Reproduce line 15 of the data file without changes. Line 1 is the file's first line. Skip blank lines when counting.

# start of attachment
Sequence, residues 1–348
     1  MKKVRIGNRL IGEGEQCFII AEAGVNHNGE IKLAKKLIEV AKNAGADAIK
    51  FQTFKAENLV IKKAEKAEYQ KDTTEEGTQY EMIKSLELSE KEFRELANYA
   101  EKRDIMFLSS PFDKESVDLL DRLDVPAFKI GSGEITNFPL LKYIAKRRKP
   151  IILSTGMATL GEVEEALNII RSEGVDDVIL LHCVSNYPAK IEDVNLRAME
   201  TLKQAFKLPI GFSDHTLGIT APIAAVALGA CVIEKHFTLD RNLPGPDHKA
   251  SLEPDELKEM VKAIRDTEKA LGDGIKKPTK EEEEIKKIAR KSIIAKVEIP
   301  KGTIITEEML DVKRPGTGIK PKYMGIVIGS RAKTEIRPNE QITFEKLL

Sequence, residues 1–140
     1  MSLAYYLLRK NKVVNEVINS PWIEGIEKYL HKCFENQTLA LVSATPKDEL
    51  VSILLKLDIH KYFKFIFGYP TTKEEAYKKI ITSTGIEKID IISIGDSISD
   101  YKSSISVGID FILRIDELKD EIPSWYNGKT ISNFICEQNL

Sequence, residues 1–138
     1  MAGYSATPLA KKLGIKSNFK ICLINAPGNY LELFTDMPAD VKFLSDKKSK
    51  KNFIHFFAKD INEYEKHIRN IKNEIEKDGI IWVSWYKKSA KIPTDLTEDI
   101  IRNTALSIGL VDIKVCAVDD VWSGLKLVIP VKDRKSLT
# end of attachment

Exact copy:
    51  KNFIHFFAKD INEYEKHIRN IKNEIEKDGI IWVSWYKKSA KIPTDLTEDI